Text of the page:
Whether it was last year's TJX revelations about how bad security can get (TJX to the SEC: The bad guys were able to get a copy of our encryption key, but not to worry: they grabbed the data before we had a chance to encrypt it so the joke's on them) or this year's Hannaford details, where a PCI-compliant retailer lost data in transit while it was flowing through a secure private pipe, almost every assumption today is being challenged.
With that in mind, StorefrontBacktalk has been asking retailers, lawyers and other experts (and gadflies) for their favorite brain-teasers surrounding credit card security issues. How many can you figure out? (No, there are no right answers, other than accepting cash.)
An Africa-based cyberthief—who is an accomplished identity theft specialist—grabs a notebook full of personal information and zeros in on the particulars of a Pittsburgh man named Smith.
Using the tried-and-true Help Wanted trick to hire a dupe willing to ship him goods for a fee, he gets a rerouter from Pittsburgh. The thief then successfully applies for a credit card. He then takes the legitimately-issued credit card (the application was entirely fraudulent, but the card was issued through the bank in a proper fashion) and uses it on the E-Commerce site of a well-known e-tailer, which racks up a healthy $5,000 charge on a card-not-present transaction.
The items are shipped to a nearby location in Pittsburgh, where the thief tells the retailer that he recently moved. Given that the new location is in a neighboring Pittsburgh Zip Code, no alarms are triggered. The rerouter ships the goods to Africa.
Two weeks later, the bills arrive and Smith discovers and reports the fraud to his bank, which cancels the card. The consumer owes nothing.
The retailer, however, is told by the bank to eat the dollars for the merchandise in addition to the cost of the merchandise itself. Had that thief used that card in that retailer's brick-and-mortar storefront, the roles would be reversed and the banks would cover all costs.
Officially, it's the absence of the receipt that makes the difference. But the retailer did nothing wrong. Indeed, had that retailer refused the transaction, it could have been in serious trouble with the brand and the bank. What choice did that retailer have?
So why is the retailer penalized here, when it was the bank's team that improperly issued that card and didn't do sufficient investigation of the application?
"They do it because they can," said Dave Hogan, the CIO for the National Retail Federation. "If (the brand and the banks) can shift the risks somehow, they will."
A large retail chain with many franchisees discovers a major data breach involving payment cards. It turns out that the breach started because of the actions of a not-so-careful employee at one of the franchisees.
Who is legally responsible for the breach? (Note: This wonderful brain-teaser came from the overly-teased brain of Mark Rasch, the former head of the U.S. Justice Department's white-collar crime division and now in private practice specializing in retail issues.)
The retailer's executives could argue that it's clearly the franchisee's responsibility. After all, that store is fully owned by that particular franchisee, that franchisee hired and supervised the negligent employee and did we mention that the store is not even owned by the chain?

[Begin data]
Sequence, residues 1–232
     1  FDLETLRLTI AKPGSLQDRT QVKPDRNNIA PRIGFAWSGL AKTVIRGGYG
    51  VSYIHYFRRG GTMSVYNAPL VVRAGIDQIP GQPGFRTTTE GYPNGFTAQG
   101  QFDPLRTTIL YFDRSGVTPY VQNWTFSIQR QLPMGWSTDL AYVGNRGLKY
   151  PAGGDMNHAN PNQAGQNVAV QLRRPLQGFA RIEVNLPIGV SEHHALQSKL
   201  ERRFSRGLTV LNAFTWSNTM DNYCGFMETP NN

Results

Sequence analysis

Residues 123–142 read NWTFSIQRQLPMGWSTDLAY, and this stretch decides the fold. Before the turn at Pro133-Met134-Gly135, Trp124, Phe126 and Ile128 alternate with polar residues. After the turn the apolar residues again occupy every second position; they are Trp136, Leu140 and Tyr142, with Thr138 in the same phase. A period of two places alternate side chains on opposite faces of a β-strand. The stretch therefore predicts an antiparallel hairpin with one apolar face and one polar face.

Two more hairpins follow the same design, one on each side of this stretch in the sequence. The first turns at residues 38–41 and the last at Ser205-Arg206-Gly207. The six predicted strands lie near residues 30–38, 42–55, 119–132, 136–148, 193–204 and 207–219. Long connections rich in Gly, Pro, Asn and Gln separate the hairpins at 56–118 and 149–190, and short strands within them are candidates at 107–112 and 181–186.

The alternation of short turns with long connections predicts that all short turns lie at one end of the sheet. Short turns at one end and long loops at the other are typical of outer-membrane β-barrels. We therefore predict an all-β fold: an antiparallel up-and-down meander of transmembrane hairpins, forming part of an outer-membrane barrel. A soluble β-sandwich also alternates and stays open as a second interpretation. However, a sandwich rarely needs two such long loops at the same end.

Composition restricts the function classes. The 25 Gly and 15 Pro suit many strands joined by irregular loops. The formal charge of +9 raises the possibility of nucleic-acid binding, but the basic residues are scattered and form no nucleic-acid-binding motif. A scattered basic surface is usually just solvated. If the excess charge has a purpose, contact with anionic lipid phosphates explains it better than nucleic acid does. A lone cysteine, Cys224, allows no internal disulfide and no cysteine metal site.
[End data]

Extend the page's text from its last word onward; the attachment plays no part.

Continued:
But the franchisee has some excellent arguments, too. The breached POS system was mandated by the retailer, the POS software was also mandated by corporate and corporate imposed many data requirements on that franchisee. In other words, the franchisee was ordered to collect and transmit a lot of content that he wouldn't gather on his own.
The payment data was also transmitted centrally to a location selected by the retailer and controlled by the retailer's chosen processing bank. Also, what is the chain's PCI classification? Is the level (Level 1, Level 2, Level 3, etc.) based on the transactions of that franchisee's locations or the entire chain's transactions?
Just about all of the data breach disclosure laws require the disclosure of a retail payment data breach when unencrypted data is stolen, Rasch points out.
Scenario: A Level 1 retailer discovers that a half-million credit card transactions have been stolen, but those transactions were encrypted. Is the retailer obligated to report it to law enforcement and to the public? To its shareholders?
What if it's really weak encryption? What if it's barely one step more complex than Pig Latin? The laws say nothing about the kind of encryption used.
Let's change it a little. What if the encryption was decent, but—like TJX—you discover that the encryption key was also taken? The law says the theft of encrypted data doesn't have to be reported. But is it fair and right to conclude that "encrypted data" plus "encryption key" equals "unencrypted data"? Or at least it will in a couple of hours.
Let's change the scenario again. What if the data was properly encrypted and no key was taken, but the IT team somehow learns two weeks after the breach that the bad guys had somehow cracked the encryption, whether through extensive computing, luck or some kind of encryption-cracking deep-freeze method.
The law's only requirement for disclosure kicked in when the data is stolen unencrypted. There's nothing in there about encrypted data that is later cracked.
The suggestion that state legislators don't think these things through is hardly worth saying, especially if you consider "thinking things through" something more than "copying whatever California comes up with."
But are the obligations of retailers to focus on the intent rather than the wording of the law?